It’s no secret that this planet’s environment is in a spot of trouble. Between heightened CO2 levels and diminishing rain forests, there’s much to be done to make sure future generations have healthy places to live. And yeah, it can make your head spin, because so many people—mostly politicians—are blocking one of the resources that many progressives would vote in as “Most Likely to Save the Planet.”
That resource? Hemp, and the product that has been created from hemp, called Hempcrete. Yes, “concrete” made from hemp. The existence of this product is ironic in a way. While hemp’s been reviled in this century, it was raised long ago by none other than George Washington and Thomas Jefferson.
They would recoil in shock and likely do the Revolutionary War-era version of a “facepalm” if they knew our current government is ignorant enough to have banned the use of such a helpful plant. Whether they themselves actually smoked the buds is a question whose answer is likely lost to history, but they did know that the leaves and other fibrous parts of the plant are splendid for sailcloth, perfect for paper, and of course, hemp is a totally righteous source for making rope.
What Is Hempcrete, Anyway?
The new-millenium wonder that is hempcrete is made using the balsa-wood-like fibers on the inside of your ordinary, everyday Cannabis sativa plant. Mix these fibers with lime (no, not lime juice, but rather calcium hydroxide or calcium oxide) and water, and you have a substance that is perfect for using in modern construction methods.
Now, while hempcrete really doesn’t have the type of stability that its name suggests to the everyday person, it’s fantastic to use as insulation, as it’s lightweight, impervious to mold development (great for peeps with allergy issues) and is practically fireproof.
But Can You Smoke the Stuff?
The plant source for hempcrete is the actual Cannabis plant. However, the strain used for the construction revolution has very little THC—around .5 percent, as opposed to the 5-10% in the strands that promote healing and hallucinations. So that sort of answers the question about whether our two famous founders rolled roaches.
This said, our government is notorious for its own particular strain of straitlaced Puritanism with a double-hit from the bong of ignorance, and thus both hallucinogenic and industrial marijuana was banned, right alongside the moonshine.
Thankfully, intelligence and logic have begun to prevail, so industrial hemp is being called back into service to help reforge housing hit both by Hurricane Katrina as well as the earthquake in Haiti. People who don’t know of hemp’s durability often joke and scoff at the use of hempcrete, thinking that because it’s made of fibers, anything built with it would go, well, “up in smoke.”
Not necessarily. Hempcrete is durable and strong, and the insurance industry in England rewards people for its use by granting discounts.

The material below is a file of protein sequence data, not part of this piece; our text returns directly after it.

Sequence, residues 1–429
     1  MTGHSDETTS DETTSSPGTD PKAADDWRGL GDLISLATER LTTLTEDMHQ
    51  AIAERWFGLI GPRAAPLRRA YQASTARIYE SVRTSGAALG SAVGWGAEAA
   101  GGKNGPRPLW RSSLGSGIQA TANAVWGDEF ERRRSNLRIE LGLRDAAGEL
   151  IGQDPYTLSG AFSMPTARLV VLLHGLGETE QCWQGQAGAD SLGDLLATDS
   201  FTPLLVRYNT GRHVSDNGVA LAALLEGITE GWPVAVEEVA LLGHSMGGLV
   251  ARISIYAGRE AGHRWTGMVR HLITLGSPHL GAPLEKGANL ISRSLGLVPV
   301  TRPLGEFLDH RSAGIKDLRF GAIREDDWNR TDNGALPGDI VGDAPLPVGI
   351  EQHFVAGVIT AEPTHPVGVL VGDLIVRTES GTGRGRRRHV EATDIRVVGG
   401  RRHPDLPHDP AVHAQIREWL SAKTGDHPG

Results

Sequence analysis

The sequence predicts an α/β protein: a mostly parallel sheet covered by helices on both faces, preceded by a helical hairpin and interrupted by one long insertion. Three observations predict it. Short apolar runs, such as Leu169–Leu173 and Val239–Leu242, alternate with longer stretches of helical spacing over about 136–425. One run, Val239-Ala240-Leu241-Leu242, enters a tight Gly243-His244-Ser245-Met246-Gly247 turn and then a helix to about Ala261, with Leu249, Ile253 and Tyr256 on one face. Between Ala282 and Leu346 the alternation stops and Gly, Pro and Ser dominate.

More Hempcrete History
Believe it or not, France started developing hempcrete and its use in the 1980s, but the material was used by the old Merovingian kings of ancient Gaul (an old name for France) for the building of bridges, and was also used as far away as Japan.
Because Europe is a bit more free and forward-thinking, industrial hemp was never demonized the same way that regular Cannabis has been. Hempcrete’s been in wide use, especially in a French office building as well as a home built by Prince Charles.
Can We Try This At Home?
The funny thing about hempcrete is that while it is a truly revolutionary and sustainable material, getting it past health and safety inspectors, let alone the federal government’s continued myopic viewpoint concerning marijuana in general might prove a bit more difficult. American inspectors are accustomed to seeing things like fiberglass insulation, but hempcrete’s an anomaly, an unknown variable.
This doesn’t mean that no-one has tried this source of insulation, but very few have. It’s understandable.
After all, the US has gone for years and years with a ban on a mere plant in place, and suddenly people are suggesting that we switch to using the inner layers of a plant that everyone, courtesy of the establishment’s narrowmindedness, has long associated with getting high. And now certain peeps are spreading the ecological gospel concerning this one strain of the Cannabis sativa plant? The powers that be know people can’t get high with it, but they’re not sure they believe the hype. After all, it’s Cannabis, right? Right.
While hempcrete may be a tough sell to the powers that be, especially the ones who have connections to Big Construction, as it were, this beautifully insulating, mold-defying, ecology-healing and revolution-reviving material is going to truly burn itself into the collective consciousness just like its chilled-out recreational and medicinal cousins have done. And when we’ve chosen to save the planet and our wallets (hempcrete’s been shown to be such effective insulation that you don’t need your AC units), we’ll know we’ve truly won back our hemp history.